Currently underway in Paris are the French Open Tennis Championships, generally known simply as Roland Garros after the stadium complex in which they are played.
You might think Monsieur Garros was a French tennis player of days gone by (I did) but the truth is far more meaningful.
Born into a well-connected family in Saint-Denis in 1886, he was certainly keen on sports; he took up cycling while recovering from pneumonia aged 12 and he was also fond of rugby, football, tennis and, eventually, fast cars.
But all this was really background noise; on holiday in 1909, he first set eyes on his grand passion.
He went to an air-show, fell instantly in love with aeroplanes and decided then and there to become a pilot.
As with everything else he had tried in his young life so far, he learned quickly and excelled at it.
Soon, he was entering air races and setting altitude records, deciding in 1913 that he would make the first non-stop flight across the Mediterranean Sea, from the south of France to Bizerte in Tunisia.
He of course managed it... eight solid hours in his monoplane, during which time he fixed two separate engine malfunctions himself.
When War came the following year, it offered him at last a truly worthy investment of his formidable energies and intellect. He had no hesitation in joining the French Army and offering up his skills as a pilot and problem-solver.
With aviation still technically in its infancy, airplanes were used primarily for reconnaissance at this time.
He was perfectly happy to fly in this capacity, but (being Roland) couldn’t see why, if he saw a German aircraft on a recon flight, he couldn’t also shoot it down while he was there.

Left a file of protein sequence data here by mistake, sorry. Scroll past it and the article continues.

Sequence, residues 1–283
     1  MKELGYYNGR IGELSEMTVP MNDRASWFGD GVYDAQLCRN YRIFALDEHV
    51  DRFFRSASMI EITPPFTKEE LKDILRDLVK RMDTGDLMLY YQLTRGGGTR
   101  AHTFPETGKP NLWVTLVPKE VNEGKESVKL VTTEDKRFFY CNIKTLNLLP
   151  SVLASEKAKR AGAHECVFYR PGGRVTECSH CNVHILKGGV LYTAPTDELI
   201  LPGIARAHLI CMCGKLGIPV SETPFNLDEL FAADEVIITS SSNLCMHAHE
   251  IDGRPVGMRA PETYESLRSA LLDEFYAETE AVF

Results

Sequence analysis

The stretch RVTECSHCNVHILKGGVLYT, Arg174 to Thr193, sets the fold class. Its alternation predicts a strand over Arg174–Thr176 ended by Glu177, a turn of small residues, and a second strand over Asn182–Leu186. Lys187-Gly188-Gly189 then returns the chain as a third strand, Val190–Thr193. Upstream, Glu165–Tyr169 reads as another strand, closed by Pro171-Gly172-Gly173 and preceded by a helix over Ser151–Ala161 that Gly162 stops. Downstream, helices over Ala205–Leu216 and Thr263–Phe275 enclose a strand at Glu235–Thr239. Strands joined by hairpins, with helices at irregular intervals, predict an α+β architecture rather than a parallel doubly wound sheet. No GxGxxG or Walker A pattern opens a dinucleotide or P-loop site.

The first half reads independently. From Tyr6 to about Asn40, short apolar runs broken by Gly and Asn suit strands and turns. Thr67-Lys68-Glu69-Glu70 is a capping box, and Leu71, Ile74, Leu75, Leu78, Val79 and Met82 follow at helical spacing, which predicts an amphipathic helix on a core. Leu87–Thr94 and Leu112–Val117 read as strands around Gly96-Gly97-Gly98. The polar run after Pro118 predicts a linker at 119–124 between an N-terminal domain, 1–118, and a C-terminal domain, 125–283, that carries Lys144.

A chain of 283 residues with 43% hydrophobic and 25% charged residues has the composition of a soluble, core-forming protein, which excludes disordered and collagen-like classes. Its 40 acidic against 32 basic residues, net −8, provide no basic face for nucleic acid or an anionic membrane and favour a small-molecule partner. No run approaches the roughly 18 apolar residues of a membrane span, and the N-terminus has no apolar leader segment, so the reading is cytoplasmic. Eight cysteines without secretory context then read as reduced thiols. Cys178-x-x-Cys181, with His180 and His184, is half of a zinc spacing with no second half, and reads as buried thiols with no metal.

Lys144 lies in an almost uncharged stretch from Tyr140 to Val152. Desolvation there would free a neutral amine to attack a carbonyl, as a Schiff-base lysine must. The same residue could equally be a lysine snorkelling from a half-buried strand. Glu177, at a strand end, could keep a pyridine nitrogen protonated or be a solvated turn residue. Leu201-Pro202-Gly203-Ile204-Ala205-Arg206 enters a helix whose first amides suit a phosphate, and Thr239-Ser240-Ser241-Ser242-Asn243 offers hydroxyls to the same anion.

To this end, he started to arm himself with a carbine when he flew, but even he found it next to impossible to accurately hit a moving target at several thousand feet with a rifle in one hand and the controls of a monoplane in the other.
And so it was that, three months into the War, he went to discuss the matter with his engineering friends at an airplane manufacturer.
Their biggest problem was that mounting a front-firing machine-gun on a propeller-driven flying machine meant that a proportion of the bullets would hit the propeller blades as they left the muzzle.
Eventually between them, they found a way to synchronise the firing of the gun with the spinning of the propeller, using narrower blades edged with deflecting wedges in case of the odd errant bullet.
On 1st April 1915, raring to get into the air and give the whole thing a good go, Roland Garros became the first pilot to shoot down an aircraft by firing through the propeller blades on his own machine.
He followed this up with two more kills the same month.
Roland was definitely someone you wanted on your team, not the other guy's.
But – in another of life’s great ironies – the spectacularly smart invention which Roland helped bring to life and then fearlessly trialled with such success was about to fall into enemy hands.
Three weeks into his new, self-forged career as a fighter pilot, Roland’s plane was hit by ground-fire and he crashed behind German lines.
He survived, but he and his broken aircraft were swiftly surrounded and taken prisoner.
He could only watch in silent horror as the enemy swarmed all over his precious plane, knowing they would steal and reproduce his invention.
German engineers at Fokker had been working on ideas for the creation of an actual combat aircraft but they weren’t there yet.
Roland's plane was exactly what they needed.
As he was marched off into captivity, we can only imagine the brave Frenchman’s chagrin.
But Roland Garros was not a man to sit still if he could help it; he was down but not out.
After three long years as a POW, on Valentine’s Day 1918, he finally managed to escape from his camp, along with another French pilot.
They made it to London, via the Netherlands, and from there, Roland returned to France as fast as he could.
He went straight to the Army and was back in the air, shooting down enemy aircraft again by the autumn.
But it wouldn't last.
On 5th October, this magical, magnificent man was finally shot down and killed by a German fighter pilot, using technology Roland himself had pioneered and which the enemy had stolen from him.
It was five weeks before the Armistice and a single day before his 29th birthday.
It is terribly sad, but it’s a story worth telling and a man worth honouring.